Budget 2021: Startups welcome FM’s focus on self-reliance
As Finance Minister Nirmala Sitharaman struck a balance between fiscal prudence and economic growth in the Union Budget for 2021-22 — the first since the pandemic upended businesses last year — startups were not accorded much direct benefit, but foundations laid for self-reliance will likely aid their growth in the future.
“When I presented the Budget 2020-21, we could not have imagined that the global economy, already in the throes of a slowdown, would be pushed into an unprecedented contraction,” Sitharaman said during her Budget speech on Monday, referring to the debilitating effect of the COVID-19 pandemic.
With businesses emerging slowly out of a bruising year, there was a lot of expectations from the Budget and Sitharaman responded with the central theme of Aatmanirbhar Bharat focusing on six pillars: health and well-being; physical and financial capital and infrastructure; inclusive development for an aspirational India; reinvigorating human capital; innovation and research and development; and minimum government, maximum governance.
Prime Minister Narendra Modi said the Budget contains the “vision of self-reliance as well as inclusiveness”.
He said the Budget will expand opportunities for growth, offer new openings for the youth and job creation, and give wealth and wellness a boost.
Flipkart Group CEO Kalyan Krishnamurthy said: “Coming in the wake of the Covid-19 pandemic, the Union Budget looks to strengthen many of the important pillars for economic recovery and future growth. There is a clear focus on attracting greater investments into infrastructure, boosting domestic output, creating jobs, accelerating the adoption of digital technologies, and giving a much-needed boost to MSMEs and startups.”
Notably, through much of last year, the government had announced various economic packages to deal with the stress of COVID-19, causing the fiscal deficit to widen to 9.5 percent in the current fiscal. This is expected to reduce to 6.8 percent in FY22, an acceptable figure considering the economic contraction and subsequent strong signs of recovery.
“The Hon’ble FM needs to be complimented for resisting the urge to levy new taxes and thereby ensuring business sentiment remains high,” said Rahul Garg, Senior Tax Partner at PwC India. “Policy changes around the increase in FDI (foreign direct investment) limit for the insurance sector, tax exemption for aircraft leasing, and asset monetisation programme are welcome steps.”
In order to incentivise startups, Sitharaman proposed to extend their eligibility for claiming tax holiday by another year till March 31, 2022. To boost their funding prospects, the exemption on capital gains for investment was also extended by a year.
Besides, the Budget introduced a measure to incentivise the incorporation of one-person companies (OPC) without any restrictions on paid-up capital or turnover, among others. It also allowed non-resident Indians to incorporate OPCs in India.
“Reducing residency requirements for founders will allow talent to flow and boost the startup ecosystem,” said Snapdeal Co-founder and CEO Kunal Bahl. “Extension of tax holiday for startups by one year, boost to digital payments, increasing threshold for small businesses to Rs 2 crore are other gains for the startup sector.”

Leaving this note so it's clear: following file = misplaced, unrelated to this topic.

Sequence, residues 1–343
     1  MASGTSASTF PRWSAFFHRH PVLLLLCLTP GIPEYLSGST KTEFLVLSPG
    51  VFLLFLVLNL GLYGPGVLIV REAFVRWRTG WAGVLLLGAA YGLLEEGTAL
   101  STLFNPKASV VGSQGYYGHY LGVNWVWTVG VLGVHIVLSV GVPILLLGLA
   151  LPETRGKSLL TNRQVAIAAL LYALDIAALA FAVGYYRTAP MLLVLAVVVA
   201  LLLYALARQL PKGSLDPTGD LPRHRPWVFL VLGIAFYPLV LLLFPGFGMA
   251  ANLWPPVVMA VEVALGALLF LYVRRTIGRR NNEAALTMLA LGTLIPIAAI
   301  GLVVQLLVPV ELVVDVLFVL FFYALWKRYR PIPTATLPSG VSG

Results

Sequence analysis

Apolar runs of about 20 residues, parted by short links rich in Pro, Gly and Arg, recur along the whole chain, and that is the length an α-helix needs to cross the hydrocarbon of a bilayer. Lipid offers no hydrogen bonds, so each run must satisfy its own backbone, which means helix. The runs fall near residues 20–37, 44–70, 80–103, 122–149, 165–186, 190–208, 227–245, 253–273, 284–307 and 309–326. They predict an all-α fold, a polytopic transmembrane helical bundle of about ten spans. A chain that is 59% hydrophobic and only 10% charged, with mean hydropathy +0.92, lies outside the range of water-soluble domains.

Contrary to expectations in the startup ecosystem, regulations surrounding employee stock ownership plans (ESOP), domestic capital, and capital gains tax were not addressed in the Budget, but there was relief that the status quo had been maintained.
The Budget move to earmark Rs 1,500 crore for incentivising digital payments is expected to be a catalyst for every segment of the startup ecosystem.
“The proposed allocation of Rs 1,500 crore to incentivize and promote digital modes of payment will lend the industry a major thrust and add to the acceleration of digital adoption in the country,” said Ravish Naresh, Co-founder and CEO of KhataBook.
The Budget also recognised the role of startups, especially consumer internet companies, in creating jobs. However, there was a need to provide a social net to workers.
“To further extend our efforts towards the unorganised labour force, migrant workers particularly, I propose to launch a portal that will collect relevant information on gig, building, and construction workers, among others,” the finance minister said in her Budget speech. “This will help formulate health, housing, skill, insurance, credit, and food schemes for migrant workers.”
Sahil Sharma, Co-founder and CEO of GigIndia, said the Budget measures will streamline the gig economy, transforming it into a more organised sector.
“Consequently, this should help attract more talent in the coming days,” he added.
Overall, the startup ecosystem welcomed the proposals of the Union Budget as there were no unpleasant surprises.
“It is a well-thought-through Budget that unlocks new opportunities for the Make in India and Digital India missions and lays down a promising roadmap of growth and opportunities for today’s young and aspirational India,” said Kalyan.
Ranen Banerjee, Leader-Economic Advisory Services at PwC India, said: “The finance minister has responded to the calls from economists for a fiscal stimulus pegging the fiscal deficit at 6.8% for FY22. She has also signalled that the fiscal policy support of the economy will continue for at least three years, with the deficit being brought under 4.5% by FY 2025-26. This is possibly a more realistic glide path, as the economy will take time to recover fully from the aftereffects of the pandemic, as well as socio-political demands that will be incumbent on the government.”
For YourStory's multimedia coverage of Budget 2021, visit YourStory's Budget 2021 page or budget.yourstory.com